- In green commodities, the super cycle can last assuming there is strong demand for global electrification as the cheap valuation adjusted for inventories offsets the normalisation of the economic cycle. Such a scenario would likely call for close to a double-digit upside.
- We believe US Liquid Natural Gas (LNG) and Oil are fairly priced.
- LNG: the energy sector is being driven up by heterogeneous factors: structural, tactical, fundamental and geopolitical. All four have supported LNG prices in the EU.
- Oil: OPEC should maintain its promise to gradually increase production while demand is expected to decelerate in H2 2022, generating a potential oil surplus. As a consequence, our WTI short term target is $80, and we expect a $65-$75 range by the end of 2022.
- Gold is undervalued but is likely to remain under pressure as interest rates rise in H1 2022.
Long base metals throughout 2022 combined with a preference for LNG in H1 and then a rotation to Gold in H2
4. China: revising down our 2022 GDP growth forecast
- China’s zero tolerance COVID policy and real estate sector rebalancing continue to affect the country’s GDP.
- Omicron has introduced new downside risks to our China growth forecasts in 2022.
- If more cities step up restrictions ahead of the Lunar New Year, sinking mobility to last year’s level, then this will lower full year GDP growth from our current estimate of 4.7% to around 4%.
- National property sector data is still on the weak side.
- The PBoC is being more accommodative to temper RMB appreciation and help SMEs.
- We prefer Chinese govies and wait for an entry point on equities
Covid-19 situation update
The number of registered Covid-19 cases keeps rising fast as the Omicron variant spreads across the globe. Europe and the US are seeing the highest volumes in the northern hemisphere, and the rate of cases is three to five times higher than at the same period last year, with more than 20 million infections officially registered per week in mid-January. However, the number of cases is now rising faster in the Eastern Mediterranean region and Southeast Asia. Like Japan last year, China has implemented strict rules ahead of the Winter Olympics, with strict measures in order to avoid transmissions during the games.
The first “good” news is that the death rate keeps falling. However, the volume of casualty is rising because of the large number of cases. The second is that this wave is very steep but seem to fall very quickly, as the UK has shown, which means that its impact on the economy should be short-lived. The third is that in regions like Europe, 60% of the population will have had the disease by the end of March, a level that could trigger herd immunity according to the WHO.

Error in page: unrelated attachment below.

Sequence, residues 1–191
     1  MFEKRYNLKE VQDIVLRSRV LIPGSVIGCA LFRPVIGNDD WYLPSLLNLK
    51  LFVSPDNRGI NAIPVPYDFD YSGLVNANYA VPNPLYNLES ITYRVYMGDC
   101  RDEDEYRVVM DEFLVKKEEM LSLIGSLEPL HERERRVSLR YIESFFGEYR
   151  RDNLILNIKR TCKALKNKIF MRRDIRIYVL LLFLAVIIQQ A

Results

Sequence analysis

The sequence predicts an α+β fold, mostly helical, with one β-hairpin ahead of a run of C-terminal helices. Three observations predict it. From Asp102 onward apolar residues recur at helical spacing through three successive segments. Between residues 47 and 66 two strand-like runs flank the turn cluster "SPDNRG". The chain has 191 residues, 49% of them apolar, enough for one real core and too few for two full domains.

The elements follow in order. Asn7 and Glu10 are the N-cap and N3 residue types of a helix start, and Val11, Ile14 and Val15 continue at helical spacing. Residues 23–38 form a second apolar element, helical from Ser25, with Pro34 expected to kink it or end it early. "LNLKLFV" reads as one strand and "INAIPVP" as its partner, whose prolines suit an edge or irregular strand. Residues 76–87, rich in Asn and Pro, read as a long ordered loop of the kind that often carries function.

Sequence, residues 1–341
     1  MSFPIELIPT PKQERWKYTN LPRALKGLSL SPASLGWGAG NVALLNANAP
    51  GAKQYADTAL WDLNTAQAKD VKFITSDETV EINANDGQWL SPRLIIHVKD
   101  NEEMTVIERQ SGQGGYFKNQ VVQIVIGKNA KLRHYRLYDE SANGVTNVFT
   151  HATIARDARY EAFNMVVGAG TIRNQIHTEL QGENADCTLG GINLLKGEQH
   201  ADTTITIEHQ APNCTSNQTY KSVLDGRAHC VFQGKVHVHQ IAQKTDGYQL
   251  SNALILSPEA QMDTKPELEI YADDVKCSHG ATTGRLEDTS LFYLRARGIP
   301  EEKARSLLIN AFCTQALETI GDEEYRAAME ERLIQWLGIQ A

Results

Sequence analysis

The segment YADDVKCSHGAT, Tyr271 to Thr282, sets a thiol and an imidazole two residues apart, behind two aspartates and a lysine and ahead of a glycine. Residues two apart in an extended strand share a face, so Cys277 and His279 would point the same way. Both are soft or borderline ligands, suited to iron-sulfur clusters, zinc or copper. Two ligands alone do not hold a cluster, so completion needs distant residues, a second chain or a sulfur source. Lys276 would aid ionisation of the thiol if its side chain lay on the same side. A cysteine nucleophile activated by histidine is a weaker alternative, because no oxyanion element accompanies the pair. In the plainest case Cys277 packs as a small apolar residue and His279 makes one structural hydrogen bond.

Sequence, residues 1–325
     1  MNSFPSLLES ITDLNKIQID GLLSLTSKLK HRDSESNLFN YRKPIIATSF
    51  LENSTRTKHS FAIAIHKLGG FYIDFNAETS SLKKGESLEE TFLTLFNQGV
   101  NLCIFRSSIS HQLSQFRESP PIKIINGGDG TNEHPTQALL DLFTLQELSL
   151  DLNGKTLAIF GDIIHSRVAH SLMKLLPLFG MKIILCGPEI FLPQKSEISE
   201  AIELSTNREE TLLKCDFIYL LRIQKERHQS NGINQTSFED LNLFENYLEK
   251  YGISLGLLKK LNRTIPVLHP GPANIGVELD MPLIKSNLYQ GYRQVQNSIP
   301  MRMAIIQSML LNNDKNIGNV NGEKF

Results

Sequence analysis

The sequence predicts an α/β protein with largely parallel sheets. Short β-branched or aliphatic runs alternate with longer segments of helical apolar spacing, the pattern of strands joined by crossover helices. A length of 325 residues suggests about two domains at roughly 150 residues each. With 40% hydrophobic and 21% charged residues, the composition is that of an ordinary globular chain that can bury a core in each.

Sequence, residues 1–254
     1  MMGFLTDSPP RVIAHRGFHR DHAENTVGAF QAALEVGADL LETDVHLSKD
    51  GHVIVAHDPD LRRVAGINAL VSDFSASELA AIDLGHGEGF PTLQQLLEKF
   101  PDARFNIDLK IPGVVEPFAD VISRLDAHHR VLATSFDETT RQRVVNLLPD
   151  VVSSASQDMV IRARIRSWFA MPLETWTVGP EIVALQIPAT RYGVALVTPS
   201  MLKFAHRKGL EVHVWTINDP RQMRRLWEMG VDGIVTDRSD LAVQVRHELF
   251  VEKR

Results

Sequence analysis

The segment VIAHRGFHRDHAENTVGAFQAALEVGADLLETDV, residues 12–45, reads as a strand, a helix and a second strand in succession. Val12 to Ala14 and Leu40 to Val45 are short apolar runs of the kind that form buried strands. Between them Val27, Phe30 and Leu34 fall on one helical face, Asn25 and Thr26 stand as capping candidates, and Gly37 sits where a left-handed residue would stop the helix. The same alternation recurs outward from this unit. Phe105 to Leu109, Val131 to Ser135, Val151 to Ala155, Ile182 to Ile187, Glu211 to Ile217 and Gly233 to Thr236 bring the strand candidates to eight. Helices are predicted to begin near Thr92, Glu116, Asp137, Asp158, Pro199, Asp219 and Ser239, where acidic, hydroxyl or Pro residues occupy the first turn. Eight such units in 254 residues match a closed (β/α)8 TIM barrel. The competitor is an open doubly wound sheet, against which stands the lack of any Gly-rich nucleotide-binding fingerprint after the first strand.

So far nine vaccines have been granted the WHO Emergency Use Listing. Several studies have shown that existing mNRA vaccines provide high level of protection against severe disease and hospitalisation. Yet, Pfizer and BioNTech have enrolled the first participants in a clinical trial of a vaccine tailored to the Omicron variant, to assess the benefits of new vaccination campaigns targeting Omicron.
Pierre BLANCHET, Head of Investment Intelligence
AMUNDI ASSET CLASS VIEWS
DISCLAIMER TO OUR FORECASTS
The uncertainty around the macro forecasts is very high, and it triggers frequent reassessments any time fresh high frequency data are available. Our macroeconomic forecasts at this point include a higher qualitative component, reducing the statistical accuracy and increasing the uncertainty through wider ranges around them.
The probabilities reflect the likelihood of financial regimes (central, downside and upside scenario) which are conditioned and defined by our macro-financial forecasts.
The probabilities of risks are the outcome of an internal survey. Risks to monitor are clustered in three categories: Economic, Financial and (Geo)politics. While the three categories are interconnected, they have specific epicentres related to their three drivers. The weights (percentages) are the composition of highest impact scenarios derived by the quarterly survey run on the investment floor.